On the radio

Matthew Hoy
By Matthew Hoy on October 4, 2017

If you missed my 90 minute talk about the atrocity in Las Vegas and gun control, mental health and other related issues last night on the radio, you can go here to listen to Part 1 and Part 2. I'll be on again tonight, not talking about guns, and you can listen live by going here and clicking the Listen Live link at the top from 5 p.m. to 7 p.m. PDT.

On the radio

Tonight's guests include John Stokes of Cuesta College. We'll be talking about SkillsUSA and Career and Technical Education available here on the Central Coast.

Starting at 6 p.m., we'll have on Dr. Roy Spencer, a climatologist and former NASA scientist to tell us why global warming isn't to blame for hurricanes Harvey and Irma.

*UPDATE* Due to a miscommunication, Dr. Roy Spencer will be on at 5 p.m., followed by John Stokes at 6 p.m.

A few additional thoughts on last night's show

Dave and I set out a challenge early in the show. A challenge that went unanswered.

The challenge was this: What laws or public policies could we enact that would've stopped the Las Vegas shooter? I opened with this article from The New York Times by columnist Nick Kristof entitled "Preventing Mass Shootings Like the Vegas Strip Attack." I went through each of Kristof's eight suggestions and noted that not a single one of them would've prevented what happened Sunday night. Not. a. one.

We've got a problem in America, but more gun control isn't going to solve it.

Evil assault weapons

There were a couple of callers who believed we can solve the problem by banning "assault weapons," firearms that they said had no purpose other than killing people.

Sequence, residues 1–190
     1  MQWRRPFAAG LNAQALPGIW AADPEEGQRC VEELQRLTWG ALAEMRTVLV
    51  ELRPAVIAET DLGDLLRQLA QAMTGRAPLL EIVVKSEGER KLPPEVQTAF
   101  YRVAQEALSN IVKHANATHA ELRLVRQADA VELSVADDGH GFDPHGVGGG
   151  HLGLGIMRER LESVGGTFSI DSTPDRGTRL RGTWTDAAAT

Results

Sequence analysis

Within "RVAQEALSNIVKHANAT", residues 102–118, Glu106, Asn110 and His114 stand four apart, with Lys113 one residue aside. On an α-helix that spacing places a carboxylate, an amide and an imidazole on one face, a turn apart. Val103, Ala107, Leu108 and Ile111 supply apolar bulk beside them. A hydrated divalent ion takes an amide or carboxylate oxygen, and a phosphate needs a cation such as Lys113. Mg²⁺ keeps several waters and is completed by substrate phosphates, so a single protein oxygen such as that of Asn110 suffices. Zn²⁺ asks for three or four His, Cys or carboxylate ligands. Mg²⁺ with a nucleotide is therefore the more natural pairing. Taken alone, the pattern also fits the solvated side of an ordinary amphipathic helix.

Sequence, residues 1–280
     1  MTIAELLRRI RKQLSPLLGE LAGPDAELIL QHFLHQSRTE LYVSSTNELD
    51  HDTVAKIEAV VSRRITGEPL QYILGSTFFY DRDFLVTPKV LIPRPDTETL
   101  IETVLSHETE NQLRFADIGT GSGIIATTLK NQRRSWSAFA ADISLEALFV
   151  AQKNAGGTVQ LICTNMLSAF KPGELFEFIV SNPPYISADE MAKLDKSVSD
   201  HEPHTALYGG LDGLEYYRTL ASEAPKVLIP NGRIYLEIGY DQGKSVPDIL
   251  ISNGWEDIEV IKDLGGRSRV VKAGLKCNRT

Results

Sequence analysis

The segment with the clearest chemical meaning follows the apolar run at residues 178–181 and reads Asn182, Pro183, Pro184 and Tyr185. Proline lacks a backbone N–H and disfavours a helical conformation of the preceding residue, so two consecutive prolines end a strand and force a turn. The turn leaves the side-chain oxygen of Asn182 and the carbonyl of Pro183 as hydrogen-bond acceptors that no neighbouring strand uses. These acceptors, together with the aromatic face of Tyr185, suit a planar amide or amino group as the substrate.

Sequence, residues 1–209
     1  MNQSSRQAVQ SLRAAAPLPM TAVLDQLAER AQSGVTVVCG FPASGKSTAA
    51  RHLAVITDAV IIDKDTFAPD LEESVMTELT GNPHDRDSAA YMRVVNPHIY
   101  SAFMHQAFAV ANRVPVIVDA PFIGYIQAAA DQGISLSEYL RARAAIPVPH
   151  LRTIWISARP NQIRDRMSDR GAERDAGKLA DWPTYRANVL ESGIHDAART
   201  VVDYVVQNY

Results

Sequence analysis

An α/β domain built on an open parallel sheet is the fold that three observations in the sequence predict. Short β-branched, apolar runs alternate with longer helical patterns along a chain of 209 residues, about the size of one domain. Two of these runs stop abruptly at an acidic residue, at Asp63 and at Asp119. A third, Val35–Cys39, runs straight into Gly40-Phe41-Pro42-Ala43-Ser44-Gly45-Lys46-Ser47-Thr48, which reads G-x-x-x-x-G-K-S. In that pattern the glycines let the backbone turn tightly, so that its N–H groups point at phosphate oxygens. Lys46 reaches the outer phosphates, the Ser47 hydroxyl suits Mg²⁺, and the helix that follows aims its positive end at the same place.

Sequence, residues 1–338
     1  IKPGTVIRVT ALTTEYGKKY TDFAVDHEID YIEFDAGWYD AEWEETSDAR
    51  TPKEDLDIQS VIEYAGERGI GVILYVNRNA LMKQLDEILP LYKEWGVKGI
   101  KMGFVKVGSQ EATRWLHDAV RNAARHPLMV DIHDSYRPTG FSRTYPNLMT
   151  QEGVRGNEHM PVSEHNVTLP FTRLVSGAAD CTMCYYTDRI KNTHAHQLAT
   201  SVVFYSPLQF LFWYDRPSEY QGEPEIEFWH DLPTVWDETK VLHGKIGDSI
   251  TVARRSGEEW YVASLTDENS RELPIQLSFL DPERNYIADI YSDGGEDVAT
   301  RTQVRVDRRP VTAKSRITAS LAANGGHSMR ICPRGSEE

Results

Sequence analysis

A few points:

First, if assault weapons are good at killing people, then they're good self-defense weapons. I mentioned a recent case in Fresno where a homeowner had used an AR-15 to defend against a home invasion. I mistakenly said that the person was a woman, but it turns out it was a 30-year-old man. A news article about the case can be found here. And that's not the only evidence for this. A search turns up more instances of an AR-15 being used for self-defense, like this one in Oklahoma.

Second, "assault weapons" are often used in hog hunting, as the bullets are a sufficient size for bringing down those animals humanely.

Third, "assault weapons" are the preferred gun for 3-Gun target competitions.

Get educated

Finally, I asked the caller to define what an "assault weapon" was. This is where every gun control advocate I've ever asked the question of fails. They simply can't (or in some cases won't) do it. It's that black gun that looks like a military weapon. Only it isn't a military weapon. There isn't a military in the world that uses the AR-15.

I ended the show asking gun-control advocates to educate themselves. Go to a gun store. Let them tell you about firearms. One thing you'll quickly discover is that, though AR-15 model rifles are popular for various reasons, there are numerous functionally equivalent rifles that someone with murder in their heart could use and it wouldn't make any difference.

Don't complain that I'm annoying you with details. Details are important. If you're going to arrest someone for having an illegal rifle, you need to be able to define exactly what makes it illegal. You can't toss someone in jail simply because they didn't understand what you meant. Especially when you don't know what you're talking about.


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October 2017



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